Restless legs syndrome (RLS) appears to possibly be caused by carbon monoxide buildup in leg muscles. Here's why I think that could be the case:
1) Everyone's body makes endogenous carbon monoxide in small amounts. The endogenous carbon monoxide is a product of the breakdown of heme, a cofactor containing iron that is found primarily in animal products.
2) There appears to be a weak association between a heme oxygenase (which produces carbon monoxide) gene and RLS.
3) When we rest in a horizontal position, we are lowering arterial O2 (oxygen) pressure in the legs, which can cause more carbon monoxide to move from blood to the muscles. This effect should be even more pronounced during pregnancy due to the temporarily increased weight on the legs when standing; pregnancy is associated with increased risk of RLS. Compression stockings would help keep arterial pressure high; many RLS sufferers find that using compression stockings lessens their symptoms.
4) Carbon monoxide binds to myoglobin--"The oxygen carrying and storage protein of muscle, resembling hemoglobin but containing only one subunit and one heme as part of the molecule (rather than the four of hemoglobin), and with a molecular weight approximately one quarter that of hemoglobin," per an online medical dictionary--in the muscles. Thus, those who are already deficient in iron would tend to suffer more from higher levels of carbon monoxide interfering with myoglobin in the muscles. RLS has long been found associated with low stores of iron in the body.
5) The primary (and almost only) treatment for carbon monoxide poisoning is oxygen therapy. Peripheral hypoxia in the legs is associated and correlated in degree with RLS.
6) The most well-known symptom related to RLS is involuntary movement of the leg muscles. This movement could be the body trying to get more oxygen to the leg muscles in order to alleviate carbon monoxide buildup in the legs. Moving muscles take in more oxygen than resting ones.
7) Severe RLS and ischemic stroke are correlated. Carbon monoxide poisoning also correlates with an increased risk of ischemic stroke. This is a point in support of the hypothesis that endogenous carbon monoxide poisoning is behind RLS.
8) Dopamine agonists lessen RLS symptoms. Dopamine is also used to increase arterial pressure in patients with hypotension (low blood pressure). This is another point in support of the hypothesis, for increasing arterial pressure can be expected to help prevent the movement of carbon monoxide from blood into muscles.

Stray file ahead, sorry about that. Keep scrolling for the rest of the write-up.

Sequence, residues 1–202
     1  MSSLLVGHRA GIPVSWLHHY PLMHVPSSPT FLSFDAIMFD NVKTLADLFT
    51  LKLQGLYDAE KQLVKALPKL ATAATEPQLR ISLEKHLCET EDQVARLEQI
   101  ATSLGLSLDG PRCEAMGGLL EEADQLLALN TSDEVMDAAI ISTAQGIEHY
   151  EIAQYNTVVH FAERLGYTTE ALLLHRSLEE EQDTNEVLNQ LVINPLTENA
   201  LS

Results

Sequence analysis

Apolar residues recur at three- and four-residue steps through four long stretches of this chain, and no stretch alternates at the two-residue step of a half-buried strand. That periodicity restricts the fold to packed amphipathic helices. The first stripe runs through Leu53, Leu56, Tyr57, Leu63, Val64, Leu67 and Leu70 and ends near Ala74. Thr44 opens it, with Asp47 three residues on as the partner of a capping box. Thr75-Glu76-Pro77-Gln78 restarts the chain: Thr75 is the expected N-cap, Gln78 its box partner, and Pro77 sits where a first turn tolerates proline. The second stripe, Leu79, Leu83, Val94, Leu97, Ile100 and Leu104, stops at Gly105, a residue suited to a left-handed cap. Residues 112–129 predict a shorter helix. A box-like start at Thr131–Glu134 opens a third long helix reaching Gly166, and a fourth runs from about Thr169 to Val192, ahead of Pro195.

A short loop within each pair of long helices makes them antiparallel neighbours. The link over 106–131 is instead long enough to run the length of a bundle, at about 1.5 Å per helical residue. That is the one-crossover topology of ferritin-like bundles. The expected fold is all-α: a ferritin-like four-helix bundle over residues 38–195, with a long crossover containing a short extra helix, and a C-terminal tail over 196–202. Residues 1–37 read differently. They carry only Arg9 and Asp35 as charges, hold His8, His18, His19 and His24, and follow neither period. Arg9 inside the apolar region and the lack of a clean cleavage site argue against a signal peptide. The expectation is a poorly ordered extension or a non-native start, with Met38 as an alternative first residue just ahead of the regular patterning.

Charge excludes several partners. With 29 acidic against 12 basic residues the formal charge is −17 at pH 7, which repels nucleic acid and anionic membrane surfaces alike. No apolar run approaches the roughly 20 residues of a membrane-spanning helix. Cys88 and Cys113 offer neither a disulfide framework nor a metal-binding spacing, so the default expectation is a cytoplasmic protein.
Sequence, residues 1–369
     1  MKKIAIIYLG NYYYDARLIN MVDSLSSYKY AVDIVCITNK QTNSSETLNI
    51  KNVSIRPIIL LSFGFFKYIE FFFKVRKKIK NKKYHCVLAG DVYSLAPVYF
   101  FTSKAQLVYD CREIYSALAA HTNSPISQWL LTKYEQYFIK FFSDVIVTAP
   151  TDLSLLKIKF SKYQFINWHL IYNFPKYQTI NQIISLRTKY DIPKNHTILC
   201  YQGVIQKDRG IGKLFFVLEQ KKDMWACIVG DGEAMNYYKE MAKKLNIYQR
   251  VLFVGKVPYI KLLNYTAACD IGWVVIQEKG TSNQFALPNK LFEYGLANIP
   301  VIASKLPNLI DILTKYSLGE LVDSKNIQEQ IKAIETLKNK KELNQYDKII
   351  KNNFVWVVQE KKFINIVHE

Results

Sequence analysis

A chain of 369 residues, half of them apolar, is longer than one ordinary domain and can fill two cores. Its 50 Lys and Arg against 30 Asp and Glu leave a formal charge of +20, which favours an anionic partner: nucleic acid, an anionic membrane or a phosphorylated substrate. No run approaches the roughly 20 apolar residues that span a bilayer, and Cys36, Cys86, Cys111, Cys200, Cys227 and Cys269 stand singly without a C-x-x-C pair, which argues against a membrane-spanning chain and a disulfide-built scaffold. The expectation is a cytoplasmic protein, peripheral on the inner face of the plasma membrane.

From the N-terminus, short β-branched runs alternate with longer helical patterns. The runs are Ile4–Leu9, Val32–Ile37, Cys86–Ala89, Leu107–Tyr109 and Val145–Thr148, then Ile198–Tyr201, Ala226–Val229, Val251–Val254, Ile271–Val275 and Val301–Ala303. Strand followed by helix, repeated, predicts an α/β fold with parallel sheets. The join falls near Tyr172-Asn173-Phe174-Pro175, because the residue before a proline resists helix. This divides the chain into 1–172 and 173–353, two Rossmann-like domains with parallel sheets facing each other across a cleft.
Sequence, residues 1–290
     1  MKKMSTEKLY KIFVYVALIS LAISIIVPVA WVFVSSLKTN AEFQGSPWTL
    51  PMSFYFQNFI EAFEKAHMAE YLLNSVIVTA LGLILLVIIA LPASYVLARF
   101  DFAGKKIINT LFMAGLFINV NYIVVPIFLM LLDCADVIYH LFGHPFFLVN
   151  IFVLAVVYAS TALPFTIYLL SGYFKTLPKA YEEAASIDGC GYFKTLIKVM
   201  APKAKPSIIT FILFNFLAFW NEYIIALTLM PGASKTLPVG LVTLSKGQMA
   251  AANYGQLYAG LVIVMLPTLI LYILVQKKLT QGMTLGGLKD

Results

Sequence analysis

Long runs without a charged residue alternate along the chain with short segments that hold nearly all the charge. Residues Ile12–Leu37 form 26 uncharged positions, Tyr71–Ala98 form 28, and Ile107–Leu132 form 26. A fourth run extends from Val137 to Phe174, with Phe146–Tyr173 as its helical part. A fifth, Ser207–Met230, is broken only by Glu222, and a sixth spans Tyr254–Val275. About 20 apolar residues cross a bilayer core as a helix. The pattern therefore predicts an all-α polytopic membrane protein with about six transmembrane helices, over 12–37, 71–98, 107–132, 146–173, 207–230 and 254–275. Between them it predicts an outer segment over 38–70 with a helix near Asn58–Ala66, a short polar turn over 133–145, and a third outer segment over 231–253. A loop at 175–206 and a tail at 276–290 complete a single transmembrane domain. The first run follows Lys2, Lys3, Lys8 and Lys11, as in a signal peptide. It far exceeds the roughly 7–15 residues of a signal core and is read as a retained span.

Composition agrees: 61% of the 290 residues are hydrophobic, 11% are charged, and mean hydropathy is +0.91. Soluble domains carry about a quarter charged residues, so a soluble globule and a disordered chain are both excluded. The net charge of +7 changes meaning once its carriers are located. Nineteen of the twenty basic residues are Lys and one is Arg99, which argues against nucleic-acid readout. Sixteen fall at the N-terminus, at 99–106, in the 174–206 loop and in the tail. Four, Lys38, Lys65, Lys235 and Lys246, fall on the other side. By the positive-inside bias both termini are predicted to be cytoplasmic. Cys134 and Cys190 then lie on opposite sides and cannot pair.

Does my theory point to ways to treat RLS? I see a few, many of which have already been studied and shown positive effects:
- Increase oxygen inhalation at night. RLS is associated with reduced oxygen saturation and sleep-related breathing disorders.
- Look into ways to increase arterial pressure at night. Obviously, compression stockings can help do that. Also, progressive exercise programs that increase overall strength help with RLS, perhaps because having stronger cardiac and rib-cage-connected muscles increases arterial pressure and/or oxygen inhalation.
- Massage leg muscles. It can contribute to an increase in muscle blood volume.
- Dopamine agonists, as mentioned above in #8.
- Don't be deficient in iron.
- Don't over-consume heme, a form of iron from animal products that is the primary source of endogenous carbon monoxide.
- Don't be deficient in vitamin E, which in the form of d, alpha-tocopheryl acetate, appears to relieve RLS leg cramps. I suspect this is partially due to alpha-tocopherol's inhibition of lipid peroxidation, which results in production of endogenous carbon monoxide.
- Perhaps acizol, a new zinc-containing medication for acute carbon monoxide poisoning, would be helpful for RLS. No research has been done on this, though.
- Hydroxocobalamin combined with Vitamin C shows promise as a treatment for carbon monoxide poisoning, per a rat study published last year. If carbon monoxide is connected to RLS, then hydroxocobalamin and Vitamin C supplements together might help with RLS.